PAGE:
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Authors: Komal Kant

Runaway Mortal

BOOK: Runaway Mortal
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Runaway Mortal

 

 

Book One in the Runaway Mortal Series

 

 

Komal Kant

Runaway Mortal

Copyright © 2014
Komal Kant

First Edition

All rights reserved.

 

No part of this book may be reproduced, stored in a retrieval system, or transmitted, in any form by any means, without the prior permission in writing of the author, except by a reviewer who may quote brief passages for review purposes only. It cannot otherwise be circulated in any form of binding or cover than that in which it is published and without a similar condition including this condition being imposed on the subsequent purchaser.

 

This book is a work of fiction and any resemblance to any person, living or dead, or any events or occurrences, is purely coincidental. The characters and story lines are created from the author’s imagination or are used fictitiously.

 

The author acknowledges the copyrighted or trademarked status and trademark owners of the following words mentioned in this work of fiction: Harry Potter, Supernatural, Sherlock Holmes, Guiness World Records, Oompa Loompa, and Veronica Mars.

 

Cover Design by Eden Crane at
www.edencranedesign.com

DEDICATION

 

Michelle,

You believed in this story long before you ever read a single word.

Pronunciation Guide

 

Lyrille – LEE-Ryl
l

Loire – LW
ah

Beaumont – Boe-mont

Veritas – Very-tuss

Cedee – See-dee

Troitan – Troy-tun

Ira – E
ye-rah

Erat – E
h-rat

Ectra – E
ck-trah

Mishelin – Mish-Lyn

Taliesin – Tally-sun

Esteré  – Ess-ter-aye

 

Fate exists,
but it can only take you so far
because once you’re there,
it’s up to you to make it happen.

 

- Anonymous

Chapter One

 

I supposed, considering I was a wanted fugitive in the supernatural world, it shouldn’t have come as a huge surprise when someone shot a flaming arrow at me. What I hadn’t expected was for it to happen as I strolled down the street eating a corn dog.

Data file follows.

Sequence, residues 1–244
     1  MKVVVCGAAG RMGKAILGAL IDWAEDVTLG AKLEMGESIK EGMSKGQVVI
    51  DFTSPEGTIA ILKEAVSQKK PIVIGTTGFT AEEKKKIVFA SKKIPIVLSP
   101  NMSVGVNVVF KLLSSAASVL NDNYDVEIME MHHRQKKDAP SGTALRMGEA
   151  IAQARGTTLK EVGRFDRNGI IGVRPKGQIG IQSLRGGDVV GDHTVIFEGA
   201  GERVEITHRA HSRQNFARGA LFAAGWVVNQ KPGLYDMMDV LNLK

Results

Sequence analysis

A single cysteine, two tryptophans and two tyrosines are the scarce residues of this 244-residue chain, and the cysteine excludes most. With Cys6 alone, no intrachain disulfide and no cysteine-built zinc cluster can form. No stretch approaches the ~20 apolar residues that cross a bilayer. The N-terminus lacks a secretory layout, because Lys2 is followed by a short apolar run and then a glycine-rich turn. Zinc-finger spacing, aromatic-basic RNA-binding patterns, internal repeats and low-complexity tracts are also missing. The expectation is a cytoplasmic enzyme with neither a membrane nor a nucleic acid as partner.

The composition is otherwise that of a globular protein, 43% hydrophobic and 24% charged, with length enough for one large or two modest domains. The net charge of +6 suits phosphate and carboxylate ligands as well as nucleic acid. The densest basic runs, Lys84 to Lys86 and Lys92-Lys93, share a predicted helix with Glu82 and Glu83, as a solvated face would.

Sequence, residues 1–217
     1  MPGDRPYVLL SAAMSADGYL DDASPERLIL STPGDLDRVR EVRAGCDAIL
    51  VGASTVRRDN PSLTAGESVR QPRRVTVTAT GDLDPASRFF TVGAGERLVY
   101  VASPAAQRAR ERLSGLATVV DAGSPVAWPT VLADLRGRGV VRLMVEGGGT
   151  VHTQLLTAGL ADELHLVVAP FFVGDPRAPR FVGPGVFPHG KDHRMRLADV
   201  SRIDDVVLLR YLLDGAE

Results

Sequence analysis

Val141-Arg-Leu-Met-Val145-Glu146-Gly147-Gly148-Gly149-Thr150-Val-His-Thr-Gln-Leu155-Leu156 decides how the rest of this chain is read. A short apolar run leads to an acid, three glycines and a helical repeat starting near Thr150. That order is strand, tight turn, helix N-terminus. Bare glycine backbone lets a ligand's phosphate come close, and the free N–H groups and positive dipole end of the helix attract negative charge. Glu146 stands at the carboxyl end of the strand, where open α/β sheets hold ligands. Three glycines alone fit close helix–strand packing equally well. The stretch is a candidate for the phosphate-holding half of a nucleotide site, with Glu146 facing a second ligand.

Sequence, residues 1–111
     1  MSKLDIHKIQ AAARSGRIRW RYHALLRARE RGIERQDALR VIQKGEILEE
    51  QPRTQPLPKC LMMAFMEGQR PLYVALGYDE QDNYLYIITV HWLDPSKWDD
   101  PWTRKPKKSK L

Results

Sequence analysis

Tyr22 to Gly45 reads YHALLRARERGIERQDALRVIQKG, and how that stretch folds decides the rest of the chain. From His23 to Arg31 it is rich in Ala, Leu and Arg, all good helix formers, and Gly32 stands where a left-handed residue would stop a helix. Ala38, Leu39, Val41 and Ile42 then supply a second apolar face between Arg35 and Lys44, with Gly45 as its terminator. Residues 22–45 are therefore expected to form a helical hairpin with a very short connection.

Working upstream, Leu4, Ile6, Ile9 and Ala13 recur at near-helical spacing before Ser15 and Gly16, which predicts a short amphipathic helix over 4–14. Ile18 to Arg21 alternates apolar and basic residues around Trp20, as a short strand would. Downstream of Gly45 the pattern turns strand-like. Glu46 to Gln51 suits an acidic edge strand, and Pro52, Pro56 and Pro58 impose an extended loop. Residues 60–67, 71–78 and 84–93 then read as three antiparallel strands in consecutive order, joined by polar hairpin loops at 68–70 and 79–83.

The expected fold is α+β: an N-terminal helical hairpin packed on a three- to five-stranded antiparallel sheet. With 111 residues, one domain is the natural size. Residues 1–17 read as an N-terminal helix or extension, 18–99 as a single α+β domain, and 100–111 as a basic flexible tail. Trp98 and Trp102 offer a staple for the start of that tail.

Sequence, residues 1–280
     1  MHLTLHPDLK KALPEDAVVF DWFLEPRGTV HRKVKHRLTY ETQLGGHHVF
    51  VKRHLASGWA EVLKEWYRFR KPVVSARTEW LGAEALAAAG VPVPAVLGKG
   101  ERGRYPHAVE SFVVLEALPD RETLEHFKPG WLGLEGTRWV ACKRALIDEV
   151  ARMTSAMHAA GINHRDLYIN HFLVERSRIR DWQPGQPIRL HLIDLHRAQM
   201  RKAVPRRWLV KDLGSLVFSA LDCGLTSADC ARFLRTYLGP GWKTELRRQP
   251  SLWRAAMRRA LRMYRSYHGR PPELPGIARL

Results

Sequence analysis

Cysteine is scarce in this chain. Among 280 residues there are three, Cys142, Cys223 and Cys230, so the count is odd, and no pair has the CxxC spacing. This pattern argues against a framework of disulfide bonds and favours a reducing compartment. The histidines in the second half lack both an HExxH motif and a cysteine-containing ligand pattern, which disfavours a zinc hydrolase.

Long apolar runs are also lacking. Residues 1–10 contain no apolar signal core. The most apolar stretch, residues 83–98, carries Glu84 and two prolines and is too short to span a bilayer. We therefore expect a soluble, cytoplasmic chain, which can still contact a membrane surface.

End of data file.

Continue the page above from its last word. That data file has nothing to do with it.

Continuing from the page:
“Damn!” I swore, dropping my corn dog on the ground and racing towards the alleyway I’d passed seconds earlier.

I didn’t run in a straight line though—I zig-zagged all over the place trying to be evasive and hoping that I didn’t get hit. Fear trickled into me, but so did regret. Regret that I had dropped my corn dog—the only bit of food I’d had in two days.

That flaming arrow—and the person who’d shot it at me—had just jumped to the top of my “must die” list. But, first, I had to try not to die myself because whoever was shooting those damn things at me wasn’t stopping at just one. Another arrow whizzed past my head, and the smell of burning hair filled my nostrils.

Great. Just great.

Let’s get one thing straight. When I said “flaming arrow”, I didn’t mean an arrow that had been set on fire. What I was talking about was a ball of fire fashioned into the shape of an arrow—probably for some show of finesse—by an ira demon; a demon born with the ability to use fire magic.

By the time I’d sprinted into the dark alleyway, several others were fired at me but none hit their mark. Either the shooter was cock-eyed or they were only trying to scare me and not actually burn me to death.

I pressed myself against the wall and listened, letting the darkness engulf me. I was pretty certain now that I was being pursued on foot, which gave me a few moments to mentally kick myself in the ass for being so lax about my surroundings.

Rule number one when you were on the run: make sure you were always aware of your surroundings just in case a crazy ira demon was stalking you.

Rule number two: don’t casually stroll down the street, because that was just stupid right there. Even if it was nine o’clock at night and you were pretty sure no one was hot on your trail.